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CH Series: 1976
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BH2 Series: 1980
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AH2 Series: 1983
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1993 ~ Birth of the Y-shaped design

The objective lens determines the optical performance of a microscope. In a bid to improve lens performance, Olympus has always strived to improve its machining and assembly technologies. The company also pursued development with a focus on microscope design concepts, in a bid to respond to diverse demand from a wide range of fields.
The company's expertise in lens technologies and cutting-edge design concepts led to the development of the "UIS" optical concept that was used to create an innovative Y-shaped microscope design. This development highlighted the world-class ability of Olympus in this field.


UIS objective lens: 1993
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BX Series: 1993
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AX Series: 1994
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CX Series: 1997
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Inverted microscopes: observing living cells

Microscopes come in two basic configurations: upright and inverted. Inverted microscopes are used to observe the specimen from below. They were first developed and used before the Second World War for research and analysis of metal materials such as iron and steel. With the advances made in biological research after the War, scientists started to use inverted microscopes for observing living cells.


Inverted metallurgical microscope: 1954
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GX Series: 2001
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Inverted biological microscope: 1958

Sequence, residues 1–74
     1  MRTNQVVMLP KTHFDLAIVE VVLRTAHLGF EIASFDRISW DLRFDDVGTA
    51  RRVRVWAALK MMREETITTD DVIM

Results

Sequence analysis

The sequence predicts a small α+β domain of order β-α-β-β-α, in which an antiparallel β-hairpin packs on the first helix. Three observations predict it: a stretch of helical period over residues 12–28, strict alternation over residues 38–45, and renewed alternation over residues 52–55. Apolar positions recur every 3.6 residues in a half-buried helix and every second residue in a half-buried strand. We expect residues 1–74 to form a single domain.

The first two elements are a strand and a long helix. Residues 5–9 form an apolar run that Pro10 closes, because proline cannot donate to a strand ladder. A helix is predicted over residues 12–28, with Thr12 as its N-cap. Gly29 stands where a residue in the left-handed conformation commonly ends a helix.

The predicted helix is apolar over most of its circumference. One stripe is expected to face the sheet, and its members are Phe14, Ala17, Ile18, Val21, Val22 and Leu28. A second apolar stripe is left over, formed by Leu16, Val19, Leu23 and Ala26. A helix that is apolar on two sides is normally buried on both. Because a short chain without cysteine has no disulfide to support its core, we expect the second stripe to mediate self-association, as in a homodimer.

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IX Series: 1994
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Stereo microscopes: making 3D imaging possible

Humans, with two eyes, are able to see things in three dimensions. Stereo microscopes use this effect to make 3D imaging possible. Stereo microscopes are used for component assembly or precision part testing at factories because they allow visual confirmation of the object's surface irregularities or distances. Stereo microscopes have a long history, with first-generation models dating back to 1924. Due to demand, the models have evolved over the years to allow greater ease of use and better performance.


XA Binocular Stereo Microscope: 1933
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X Binocular Stereo Microscope: 1959
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SZ Stereo Microscope: 1961
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JM Gem Microscope: 1967
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SZH High-End Stereo Microscope: 1984
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Quantification: expanding into various fields

Microscopes evolved from instruments for looking, examining, or recording into instruments for gauging or measuring.

Evolving scientific needs drove the development of microscopes capable of quantification, for example through photometry or colorimetry. Such "color" data enabled significant advances in intercellular and genetic research. Moreover, microscope applications expanded into a number of spheres such as testing optical filters used in LCD TVs.


MMSP: 1971
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LSM Series: 1990, 1992
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FV500/300: 1998
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FV1000: 2004
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Photographic devices: recording photographic images

The arrival of digital cameras greatly simplified how microscope images and observations were recorded. Until then, microphotography was difficult and laborious for researchers, who squandered time learning the processes of selecting appropriate film, deciding on exposure time, and developing photographed images. To reduce the amount of time taken by researchers, microphotographic devices continued to evolve.


PMC (early photographic device)
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PM I, PM II: 1934
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PM-5, 6, 7: 1951 ~
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PM-10-A: 1971
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PM-10-AD: 1980
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DP10: 1998
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DP20: 2005
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DP71: 2006